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Exercising During Pregnancy : What you Need to Know

 

Hooray for exercise! That’s right, it’s not off limits just because you’re pregnant, you just have to be very careful (i.e. talk to your doctor).

Sunday, July 30th, 2017

Get right to planning, because exercise can do so much for you physically, mentally and emotionally.

Exercise: It helps you…

  • Keep your energy level up.
  • Build up your stamina and prepare your body for labour.
  • Sustain your pre-pregnancy fitness level (or maybe even add new active habits).
  • Attain your healthy weight gain goals.
  • Maintain healthy blood glucose levels.
  • Minimize or alleviate common pregnancy symptoms like tiredness, constipation, backaches, leg cramps, and more. (Good riddance.)
  • Speed your recovery once your baby arrives. (Yay!)
  • Increase the chances that your baby is born at a healthy weight.

Before you get in the groove, here are some simple rules you should consider.

Rule #1: Check with your Doctor first

If you have a normal, healthy pregnancy, you can likely enjoy a sensible exercise program.

If you fall into a risk category, it could make exercising unwise.

Your doctor will advise the proper course of action if you have:

  • Experience with a previous miscarriage or premature labour.
  • Pre-eclampsia (high blood pressure during pregnancy).
  • Heart or lung disease.

If you were not active prior to becoming pregnant, your doctor may recommend that you wait until the second trimester to begin exercising. Until then, keep up your daily activities. (Dog walking? Check. Stairs instead of the elevator? Whenever you’re up to it!)

Rule #2: Know your limits

The key here? Relaxin, literally. Relaxin is a hormone that’s released during pregnancy to relax your joints and ligaments (lots of them, not just your hips).

The result? It’s easier for you to deliver your baby, but it’s also easier for you to hurt yourself.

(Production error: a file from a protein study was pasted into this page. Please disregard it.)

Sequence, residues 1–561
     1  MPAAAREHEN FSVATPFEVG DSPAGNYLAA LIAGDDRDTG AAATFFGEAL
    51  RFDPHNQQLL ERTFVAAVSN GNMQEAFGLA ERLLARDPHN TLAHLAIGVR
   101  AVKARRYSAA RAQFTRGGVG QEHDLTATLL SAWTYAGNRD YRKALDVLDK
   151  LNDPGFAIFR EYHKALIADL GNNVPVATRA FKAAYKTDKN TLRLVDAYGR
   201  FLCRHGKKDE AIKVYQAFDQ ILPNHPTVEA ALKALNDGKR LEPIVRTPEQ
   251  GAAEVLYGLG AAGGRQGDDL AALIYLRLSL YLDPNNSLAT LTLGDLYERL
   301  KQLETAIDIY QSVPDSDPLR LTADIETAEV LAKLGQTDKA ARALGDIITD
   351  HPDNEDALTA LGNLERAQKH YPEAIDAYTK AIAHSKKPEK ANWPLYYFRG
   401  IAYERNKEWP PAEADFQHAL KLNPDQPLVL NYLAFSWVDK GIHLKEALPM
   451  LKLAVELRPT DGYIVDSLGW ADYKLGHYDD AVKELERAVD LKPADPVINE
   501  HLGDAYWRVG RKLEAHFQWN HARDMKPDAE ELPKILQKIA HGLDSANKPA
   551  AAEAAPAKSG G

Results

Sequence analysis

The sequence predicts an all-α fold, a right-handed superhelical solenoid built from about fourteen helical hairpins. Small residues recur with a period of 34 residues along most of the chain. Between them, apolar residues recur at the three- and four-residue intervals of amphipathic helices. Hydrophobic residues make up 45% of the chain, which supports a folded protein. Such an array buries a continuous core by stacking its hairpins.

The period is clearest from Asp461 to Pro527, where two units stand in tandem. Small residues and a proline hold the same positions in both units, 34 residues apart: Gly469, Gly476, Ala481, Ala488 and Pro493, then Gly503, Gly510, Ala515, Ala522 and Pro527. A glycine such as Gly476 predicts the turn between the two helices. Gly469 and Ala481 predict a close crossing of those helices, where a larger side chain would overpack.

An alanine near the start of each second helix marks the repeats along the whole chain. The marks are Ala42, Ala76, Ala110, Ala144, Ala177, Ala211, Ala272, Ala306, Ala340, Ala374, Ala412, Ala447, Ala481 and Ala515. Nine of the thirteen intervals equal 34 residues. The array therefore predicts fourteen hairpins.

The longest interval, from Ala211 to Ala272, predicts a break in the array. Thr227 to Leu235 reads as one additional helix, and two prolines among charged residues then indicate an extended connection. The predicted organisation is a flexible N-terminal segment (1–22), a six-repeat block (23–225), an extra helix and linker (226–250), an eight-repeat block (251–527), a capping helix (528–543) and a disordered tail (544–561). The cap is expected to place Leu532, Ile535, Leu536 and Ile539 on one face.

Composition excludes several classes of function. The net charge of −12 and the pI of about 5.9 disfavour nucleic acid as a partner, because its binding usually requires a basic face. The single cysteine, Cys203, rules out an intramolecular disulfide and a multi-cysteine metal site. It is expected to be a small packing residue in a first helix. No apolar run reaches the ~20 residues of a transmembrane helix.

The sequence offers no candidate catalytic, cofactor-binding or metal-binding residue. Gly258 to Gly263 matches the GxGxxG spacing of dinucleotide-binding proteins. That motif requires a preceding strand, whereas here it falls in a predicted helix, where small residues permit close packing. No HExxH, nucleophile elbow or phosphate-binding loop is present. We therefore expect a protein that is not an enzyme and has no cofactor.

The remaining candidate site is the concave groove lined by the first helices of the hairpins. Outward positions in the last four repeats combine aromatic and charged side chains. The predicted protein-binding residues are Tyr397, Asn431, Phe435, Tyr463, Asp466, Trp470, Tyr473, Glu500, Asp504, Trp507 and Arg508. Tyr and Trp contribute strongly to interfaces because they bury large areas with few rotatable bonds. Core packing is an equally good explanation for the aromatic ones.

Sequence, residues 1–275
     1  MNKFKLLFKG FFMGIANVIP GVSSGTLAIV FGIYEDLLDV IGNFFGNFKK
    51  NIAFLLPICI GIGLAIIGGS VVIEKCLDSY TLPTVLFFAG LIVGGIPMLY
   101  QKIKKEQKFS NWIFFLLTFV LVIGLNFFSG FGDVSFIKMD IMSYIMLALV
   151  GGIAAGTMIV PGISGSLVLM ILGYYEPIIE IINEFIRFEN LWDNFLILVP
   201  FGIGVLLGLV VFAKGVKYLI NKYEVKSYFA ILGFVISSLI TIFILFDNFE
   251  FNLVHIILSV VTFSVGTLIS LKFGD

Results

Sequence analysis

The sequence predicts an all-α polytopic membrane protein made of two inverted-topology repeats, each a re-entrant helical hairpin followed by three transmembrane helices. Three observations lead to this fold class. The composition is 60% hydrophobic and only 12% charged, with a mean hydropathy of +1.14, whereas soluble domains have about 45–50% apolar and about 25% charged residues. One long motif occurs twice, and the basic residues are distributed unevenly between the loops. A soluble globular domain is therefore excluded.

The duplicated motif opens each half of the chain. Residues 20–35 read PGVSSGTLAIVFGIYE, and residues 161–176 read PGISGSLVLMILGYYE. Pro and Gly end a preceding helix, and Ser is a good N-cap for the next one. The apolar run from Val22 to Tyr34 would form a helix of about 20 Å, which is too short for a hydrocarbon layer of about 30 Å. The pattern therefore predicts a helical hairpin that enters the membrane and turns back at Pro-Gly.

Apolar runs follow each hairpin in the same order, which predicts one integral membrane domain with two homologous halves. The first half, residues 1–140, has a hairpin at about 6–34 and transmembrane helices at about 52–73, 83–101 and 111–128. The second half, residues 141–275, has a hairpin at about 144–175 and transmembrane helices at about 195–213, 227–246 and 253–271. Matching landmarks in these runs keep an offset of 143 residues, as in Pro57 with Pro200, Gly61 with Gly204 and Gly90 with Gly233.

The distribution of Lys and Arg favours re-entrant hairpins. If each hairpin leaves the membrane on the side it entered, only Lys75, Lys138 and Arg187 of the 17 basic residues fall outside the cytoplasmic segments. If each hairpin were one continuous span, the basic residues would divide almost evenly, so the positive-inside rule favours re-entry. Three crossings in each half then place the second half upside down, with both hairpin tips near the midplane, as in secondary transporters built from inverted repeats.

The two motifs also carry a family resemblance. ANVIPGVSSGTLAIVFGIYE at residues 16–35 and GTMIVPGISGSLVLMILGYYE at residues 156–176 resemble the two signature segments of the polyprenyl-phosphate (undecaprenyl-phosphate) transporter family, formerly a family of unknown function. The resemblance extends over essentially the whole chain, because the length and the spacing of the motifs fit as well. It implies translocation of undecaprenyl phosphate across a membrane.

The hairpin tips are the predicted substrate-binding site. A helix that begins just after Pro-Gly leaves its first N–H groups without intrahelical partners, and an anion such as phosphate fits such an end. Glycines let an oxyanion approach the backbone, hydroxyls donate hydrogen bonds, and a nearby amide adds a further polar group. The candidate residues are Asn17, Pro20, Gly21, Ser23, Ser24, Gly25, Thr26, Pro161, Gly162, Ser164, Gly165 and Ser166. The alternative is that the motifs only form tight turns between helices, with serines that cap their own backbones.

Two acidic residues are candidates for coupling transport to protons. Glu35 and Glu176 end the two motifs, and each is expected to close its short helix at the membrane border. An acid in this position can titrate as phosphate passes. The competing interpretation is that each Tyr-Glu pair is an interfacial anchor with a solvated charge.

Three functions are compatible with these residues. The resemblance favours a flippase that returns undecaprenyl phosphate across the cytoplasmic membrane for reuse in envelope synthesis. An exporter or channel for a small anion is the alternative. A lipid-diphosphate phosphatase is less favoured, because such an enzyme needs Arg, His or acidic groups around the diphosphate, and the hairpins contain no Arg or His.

Make sure you warm up and cool down, and definitely avoid certain exercises, like:

  • Deep knee bends
  • Full sit-ups
  • Full-leg raises
  • Straight-leg raises

Rule #3: Skip certain activities

You have increased weight due to your baby, and a shift in your centre of gravity mean your coordination and balance will be off, so the potential for a fall or injury increases.

Avoid:

  • Anything that could result in abdominal trauma
  • High-impact sports
  • Contact and fast-paced team sports
  • Extreme sports
  • Ice skating
  • High-impact weight-bearing exercises
  • High altitude workouts over 1,800 metres or 6,000 feet (You may affect the amount of oxygen that gets to your baby)

Rule #4: Delete the heat

Exercising in hot conditions is not recommended1, so pass on:

  • Hot yoga
  • Outdoor activities once the summer temps rise
  • The hot tub or sauna

Rule #5: Take Month 9 slow

By now your body will probably be sending you the strongest messages, but just so you’ll have heard them here, too:

  • Slow down or shorten your sessions if third trimester exercise seems too much of a challenge.
  • Take it easy and start resting up for labour, if it feels right, in the final two to three weeks.

General Rules

Feel the beat! Always monitor your intensity level and heart rate throughout your workouts.

Hydrate, hydrate, hydrate! Drink plenty of water before, during and after you exercise.

Cool your jets! Make sure you don’t overheat.

It’s worth repeating that you should talk to your doctor before beginning any exercise program. Speaking of, you can find videos, with exercises designed to help you stay in shape while preparing your body for labour, all right here! Check them out now.

 

References:

1 Chan J., et al. Hot yoga and pregnancy: Fitness and hyperthermia (Motherisk Update). Canadian Family Physician. 2014;60(1):41-42.

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